Tracing positive COVID-19 cases and their contacts is less successful in more deprived local authority areas when compared to the least deprived areas, according to a new analysis.
Research by the Health Foundation has revealed that a smaller proportion of positive COVID-19 cases and their contacts are reached by NHS Test and Trace in more deprived areas than in less deprived areas.
Published in The Lancet, the analysis found that among the most deprived group of local authorities in England, 83% of positive cases were reached as compared to 86% in the least deprived.
There was also a marked difference when it came to reaching the contacts of those who had tested positive. Over half (56%) were reached in the most deprived areas as compared to 62% in the least deprived.
The Health Foundation estimates that between 28 May and 18 November, an additional 9,000 positive COVID-19 cases and 42,500 contacts in the most deprived areas could have been reached if they had had the same success rates as the least deprived.
‘There may be many possible reasons why a lower percentage of people are reached by NHS Test & Trace in more deprived areas, but the information available doesn’t enable us to understand this in more detail,’ said senior policy fellow at the Health Foundation, Adam Briggs.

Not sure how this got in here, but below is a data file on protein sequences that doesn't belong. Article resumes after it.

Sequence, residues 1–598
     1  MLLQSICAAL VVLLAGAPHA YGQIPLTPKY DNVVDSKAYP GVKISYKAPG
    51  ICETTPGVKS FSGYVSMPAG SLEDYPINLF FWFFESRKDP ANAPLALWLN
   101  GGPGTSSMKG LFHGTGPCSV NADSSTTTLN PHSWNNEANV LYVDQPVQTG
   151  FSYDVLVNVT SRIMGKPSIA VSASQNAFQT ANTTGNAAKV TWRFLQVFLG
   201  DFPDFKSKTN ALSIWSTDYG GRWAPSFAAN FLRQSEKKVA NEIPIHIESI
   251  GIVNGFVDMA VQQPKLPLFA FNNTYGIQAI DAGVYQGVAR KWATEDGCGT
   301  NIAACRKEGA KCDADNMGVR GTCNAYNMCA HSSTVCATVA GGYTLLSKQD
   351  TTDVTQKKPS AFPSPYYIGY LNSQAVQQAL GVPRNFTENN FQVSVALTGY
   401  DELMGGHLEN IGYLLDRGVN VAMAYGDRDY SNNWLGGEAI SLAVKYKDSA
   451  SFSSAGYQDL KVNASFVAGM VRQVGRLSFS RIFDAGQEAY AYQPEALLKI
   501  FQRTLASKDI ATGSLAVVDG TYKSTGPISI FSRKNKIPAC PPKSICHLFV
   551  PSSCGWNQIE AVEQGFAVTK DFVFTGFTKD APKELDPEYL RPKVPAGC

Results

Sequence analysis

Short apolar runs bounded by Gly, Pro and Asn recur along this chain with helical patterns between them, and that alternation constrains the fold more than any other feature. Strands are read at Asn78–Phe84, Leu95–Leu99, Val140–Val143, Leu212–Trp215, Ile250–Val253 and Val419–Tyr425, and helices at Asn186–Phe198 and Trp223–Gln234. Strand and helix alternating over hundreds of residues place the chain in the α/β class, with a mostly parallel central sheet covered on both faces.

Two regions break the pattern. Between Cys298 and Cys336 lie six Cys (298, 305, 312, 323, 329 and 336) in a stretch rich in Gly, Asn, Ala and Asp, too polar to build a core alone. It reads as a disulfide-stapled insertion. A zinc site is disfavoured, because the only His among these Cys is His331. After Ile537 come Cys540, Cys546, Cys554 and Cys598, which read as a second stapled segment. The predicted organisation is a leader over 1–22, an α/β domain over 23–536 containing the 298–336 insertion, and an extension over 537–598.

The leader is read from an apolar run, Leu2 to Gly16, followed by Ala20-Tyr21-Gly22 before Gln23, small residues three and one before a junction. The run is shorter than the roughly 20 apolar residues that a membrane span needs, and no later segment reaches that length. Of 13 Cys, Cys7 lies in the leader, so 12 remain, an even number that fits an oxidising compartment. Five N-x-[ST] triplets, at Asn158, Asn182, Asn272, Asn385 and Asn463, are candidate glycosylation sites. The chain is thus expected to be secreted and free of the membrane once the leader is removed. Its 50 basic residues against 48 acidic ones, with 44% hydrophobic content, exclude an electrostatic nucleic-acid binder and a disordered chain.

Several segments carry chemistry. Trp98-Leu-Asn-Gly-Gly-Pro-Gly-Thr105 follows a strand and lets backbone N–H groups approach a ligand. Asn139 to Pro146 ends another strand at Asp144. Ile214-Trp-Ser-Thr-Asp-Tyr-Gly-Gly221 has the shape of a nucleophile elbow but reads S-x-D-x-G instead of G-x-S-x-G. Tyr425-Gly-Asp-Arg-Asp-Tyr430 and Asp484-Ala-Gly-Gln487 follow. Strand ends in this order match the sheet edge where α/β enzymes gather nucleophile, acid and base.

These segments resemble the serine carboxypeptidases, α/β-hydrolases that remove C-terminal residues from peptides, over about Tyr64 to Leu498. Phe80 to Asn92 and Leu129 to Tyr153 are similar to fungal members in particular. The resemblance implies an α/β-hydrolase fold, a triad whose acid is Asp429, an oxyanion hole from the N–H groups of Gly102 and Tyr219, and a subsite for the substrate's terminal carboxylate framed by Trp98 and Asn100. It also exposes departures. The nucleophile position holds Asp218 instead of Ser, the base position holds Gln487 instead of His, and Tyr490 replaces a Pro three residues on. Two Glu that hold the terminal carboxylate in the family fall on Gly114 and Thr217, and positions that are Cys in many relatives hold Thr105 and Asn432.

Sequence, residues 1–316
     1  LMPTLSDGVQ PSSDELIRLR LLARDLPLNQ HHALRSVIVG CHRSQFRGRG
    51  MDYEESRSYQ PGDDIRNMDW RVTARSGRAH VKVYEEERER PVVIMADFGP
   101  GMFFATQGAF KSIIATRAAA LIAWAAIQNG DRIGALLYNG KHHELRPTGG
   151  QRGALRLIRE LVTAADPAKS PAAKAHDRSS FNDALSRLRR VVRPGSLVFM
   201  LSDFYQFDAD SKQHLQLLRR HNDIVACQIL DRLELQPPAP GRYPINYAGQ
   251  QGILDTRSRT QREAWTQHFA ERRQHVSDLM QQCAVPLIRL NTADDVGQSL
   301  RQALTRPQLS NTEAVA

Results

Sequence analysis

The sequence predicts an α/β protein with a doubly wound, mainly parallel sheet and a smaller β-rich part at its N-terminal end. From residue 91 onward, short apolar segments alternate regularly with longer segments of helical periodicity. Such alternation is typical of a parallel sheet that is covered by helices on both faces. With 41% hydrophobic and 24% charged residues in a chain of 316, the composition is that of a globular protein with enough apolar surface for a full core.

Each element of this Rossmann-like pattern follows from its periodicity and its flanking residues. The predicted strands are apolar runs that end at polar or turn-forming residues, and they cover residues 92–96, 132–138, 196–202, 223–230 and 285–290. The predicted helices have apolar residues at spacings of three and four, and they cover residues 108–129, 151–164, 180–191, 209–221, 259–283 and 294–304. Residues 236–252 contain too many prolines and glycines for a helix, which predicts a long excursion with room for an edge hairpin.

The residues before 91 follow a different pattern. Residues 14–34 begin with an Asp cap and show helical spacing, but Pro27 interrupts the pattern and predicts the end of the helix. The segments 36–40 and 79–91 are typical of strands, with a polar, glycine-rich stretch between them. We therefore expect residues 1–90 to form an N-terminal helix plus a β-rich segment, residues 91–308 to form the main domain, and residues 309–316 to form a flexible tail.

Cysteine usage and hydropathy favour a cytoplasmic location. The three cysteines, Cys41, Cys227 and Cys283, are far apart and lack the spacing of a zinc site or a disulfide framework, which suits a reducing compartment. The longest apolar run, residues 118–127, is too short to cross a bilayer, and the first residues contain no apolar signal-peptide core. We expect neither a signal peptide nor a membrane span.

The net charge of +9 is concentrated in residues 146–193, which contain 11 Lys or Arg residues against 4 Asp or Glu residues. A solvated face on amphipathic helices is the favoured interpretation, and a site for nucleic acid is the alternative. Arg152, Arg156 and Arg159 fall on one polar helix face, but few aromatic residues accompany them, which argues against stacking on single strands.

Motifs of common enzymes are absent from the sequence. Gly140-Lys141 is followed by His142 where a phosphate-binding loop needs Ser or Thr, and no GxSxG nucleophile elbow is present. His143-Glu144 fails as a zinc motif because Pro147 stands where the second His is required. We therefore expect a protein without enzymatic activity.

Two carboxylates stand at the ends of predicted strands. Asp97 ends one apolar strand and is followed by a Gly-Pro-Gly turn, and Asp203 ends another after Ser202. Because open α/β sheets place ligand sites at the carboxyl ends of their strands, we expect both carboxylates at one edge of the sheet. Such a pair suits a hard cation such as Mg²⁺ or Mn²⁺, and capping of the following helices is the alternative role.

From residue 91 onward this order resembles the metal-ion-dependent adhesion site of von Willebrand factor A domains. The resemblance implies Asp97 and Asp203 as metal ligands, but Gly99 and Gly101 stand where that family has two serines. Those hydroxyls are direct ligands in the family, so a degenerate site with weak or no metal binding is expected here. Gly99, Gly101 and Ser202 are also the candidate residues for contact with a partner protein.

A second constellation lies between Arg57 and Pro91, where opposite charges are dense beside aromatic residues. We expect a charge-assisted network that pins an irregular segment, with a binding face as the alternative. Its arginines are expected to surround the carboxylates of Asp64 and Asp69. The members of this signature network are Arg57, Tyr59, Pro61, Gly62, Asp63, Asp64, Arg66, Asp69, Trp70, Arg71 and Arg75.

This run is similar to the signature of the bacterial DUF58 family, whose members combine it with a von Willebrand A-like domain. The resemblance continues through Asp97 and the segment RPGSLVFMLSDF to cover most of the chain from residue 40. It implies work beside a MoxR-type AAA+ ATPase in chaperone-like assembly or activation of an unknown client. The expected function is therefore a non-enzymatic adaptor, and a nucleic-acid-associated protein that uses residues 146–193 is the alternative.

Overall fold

‘Knowing why people in more deprived areas seem to have less contact with NHS Test and Trace is crucial to ensuring the system isn’t inadvertently widening inequalities, particularly as COVID-19 already hits vulnerable communities hardest.
‘Policies need to be developed to improve engagement with contact tracing, and to help people to isolate when necessary. This may include better use of local expertise and knowledge, and addressing any gaps in available social, practical, and financial support for people isolating.’
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